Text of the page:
Academic journal

From article repository to full-fledged journal: Vertices propels undergraduate research to new heights

Since the 1980s, Vertices has been a repository of articles where Duke undergraduates can share their original research. Now it has become a full-fledged peer-reviewed research journal, allowing students to share their scientific research like never before.

Vertices was originally a collection of student-submitted articles and online blog posts. Last spring, the organization published its first issue containing four articles, with the intention of publishing its second issue this fall. This new format lends more credibility to Vertices research, according to last year’s president, Cydney Livingston.

“We now have a format that is more comprehensive and connected in one volume versus randomly interspersed posts throughout the semester,” said Livingston, Trinity ’22. “We also hope to attract more readers and foster cohesion between the various articles we publish in one volume.”

Vertices has also expanded its team of editorial reviewers to include Duke faculty and students at Georgetown University, with the Georgetown partnership beginning when Julia Davis, The president and main academic editor of Vertices was a freshman two years ago. Vertices was also able to save each article with a digital object identifier to make the posts easily accessible online.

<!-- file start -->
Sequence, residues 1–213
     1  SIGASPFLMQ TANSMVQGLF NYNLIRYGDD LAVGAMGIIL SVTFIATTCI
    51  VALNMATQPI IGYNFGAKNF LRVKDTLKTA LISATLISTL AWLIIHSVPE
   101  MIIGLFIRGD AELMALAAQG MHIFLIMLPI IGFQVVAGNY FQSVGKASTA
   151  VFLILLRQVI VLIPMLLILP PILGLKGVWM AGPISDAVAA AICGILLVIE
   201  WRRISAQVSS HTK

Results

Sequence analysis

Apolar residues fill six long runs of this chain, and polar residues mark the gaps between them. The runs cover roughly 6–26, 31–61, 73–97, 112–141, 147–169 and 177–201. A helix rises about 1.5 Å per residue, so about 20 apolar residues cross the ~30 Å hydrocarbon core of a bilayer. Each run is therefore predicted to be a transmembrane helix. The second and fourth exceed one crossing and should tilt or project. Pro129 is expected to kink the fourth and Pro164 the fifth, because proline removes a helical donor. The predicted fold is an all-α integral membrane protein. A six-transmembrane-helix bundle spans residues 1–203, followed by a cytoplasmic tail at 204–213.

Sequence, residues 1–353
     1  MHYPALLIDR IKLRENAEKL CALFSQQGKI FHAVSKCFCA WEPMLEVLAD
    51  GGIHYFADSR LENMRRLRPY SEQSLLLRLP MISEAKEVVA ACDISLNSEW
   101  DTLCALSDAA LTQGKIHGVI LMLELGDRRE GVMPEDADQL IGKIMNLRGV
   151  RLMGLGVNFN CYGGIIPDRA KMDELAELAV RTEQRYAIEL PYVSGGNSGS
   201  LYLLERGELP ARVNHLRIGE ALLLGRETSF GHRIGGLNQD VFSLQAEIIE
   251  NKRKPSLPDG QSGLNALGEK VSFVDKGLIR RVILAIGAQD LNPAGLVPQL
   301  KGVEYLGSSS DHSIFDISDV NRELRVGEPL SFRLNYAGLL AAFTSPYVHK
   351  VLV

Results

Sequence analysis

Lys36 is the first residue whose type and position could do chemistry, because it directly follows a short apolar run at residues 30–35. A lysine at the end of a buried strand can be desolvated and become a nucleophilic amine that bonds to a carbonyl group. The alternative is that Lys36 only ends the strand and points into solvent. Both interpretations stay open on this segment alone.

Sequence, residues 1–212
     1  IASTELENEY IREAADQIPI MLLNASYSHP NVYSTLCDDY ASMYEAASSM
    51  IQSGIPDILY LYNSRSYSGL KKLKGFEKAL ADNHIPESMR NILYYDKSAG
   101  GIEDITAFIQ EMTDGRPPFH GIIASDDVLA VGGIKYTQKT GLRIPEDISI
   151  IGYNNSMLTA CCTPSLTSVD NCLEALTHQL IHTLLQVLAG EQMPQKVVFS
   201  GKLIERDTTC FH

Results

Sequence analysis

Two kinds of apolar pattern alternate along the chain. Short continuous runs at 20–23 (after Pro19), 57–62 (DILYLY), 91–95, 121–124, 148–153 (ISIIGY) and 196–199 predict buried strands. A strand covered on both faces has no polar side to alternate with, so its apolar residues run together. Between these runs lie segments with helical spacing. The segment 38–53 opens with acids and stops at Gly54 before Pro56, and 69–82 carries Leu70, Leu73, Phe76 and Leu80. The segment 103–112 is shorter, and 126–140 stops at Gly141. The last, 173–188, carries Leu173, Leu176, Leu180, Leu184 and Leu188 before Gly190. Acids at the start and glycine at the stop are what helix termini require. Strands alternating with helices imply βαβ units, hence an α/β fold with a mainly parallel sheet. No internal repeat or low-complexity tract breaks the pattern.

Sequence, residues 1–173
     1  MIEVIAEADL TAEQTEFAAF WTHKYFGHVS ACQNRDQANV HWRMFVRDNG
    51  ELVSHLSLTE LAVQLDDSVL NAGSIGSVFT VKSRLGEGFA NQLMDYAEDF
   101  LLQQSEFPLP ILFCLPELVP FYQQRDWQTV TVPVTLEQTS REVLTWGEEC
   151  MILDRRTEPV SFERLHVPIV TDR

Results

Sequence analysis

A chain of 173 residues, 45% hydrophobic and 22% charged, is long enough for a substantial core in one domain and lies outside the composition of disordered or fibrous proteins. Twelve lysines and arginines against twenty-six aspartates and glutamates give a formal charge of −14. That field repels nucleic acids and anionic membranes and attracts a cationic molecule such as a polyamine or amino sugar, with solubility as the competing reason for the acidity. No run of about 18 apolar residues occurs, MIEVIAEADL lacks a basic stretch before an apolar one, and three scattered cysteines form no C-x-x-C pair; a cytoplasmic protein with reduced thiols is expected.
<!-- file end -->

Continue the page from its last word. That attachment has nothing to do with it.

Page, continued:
These structural changes have enabled Vertices to achieve its goal of matching “the caliber of undergraduate research journals at other peer institutions,” said Davis, a junior.

“It also allows them to engage in the peer review process in a lower-stakes environment that will help them in their future career paths, such as that of a faculty member at a university or college. a doctor at a university hospital,” Davis added.

Such an important transition was not without difficulties. According to Livingston, Vertices staff originally lacked expertise in website design and the skills to create an online publication.

To combat these issues, Vertices now has four committees: an Undergraduate Research Journals Committee, a Science Journals Committee, a Publishing and Access Team, and the Website Art Design and Development Committee. They’ve also created a social media team, according to Davis.

Vertices seeks to take advantage of this change and create a greater presence on campus. The journal also hopes to improve its first issue by expanding author sections, highlighting peer reviewers, and diversifying the journal by adding work from the science journal. Vertices will also revamp its training process for peer reviewers, according to Davis.

“I’m really excited to be part of this transformational leadership team that has a bigger vision for Vertices,” Davis said.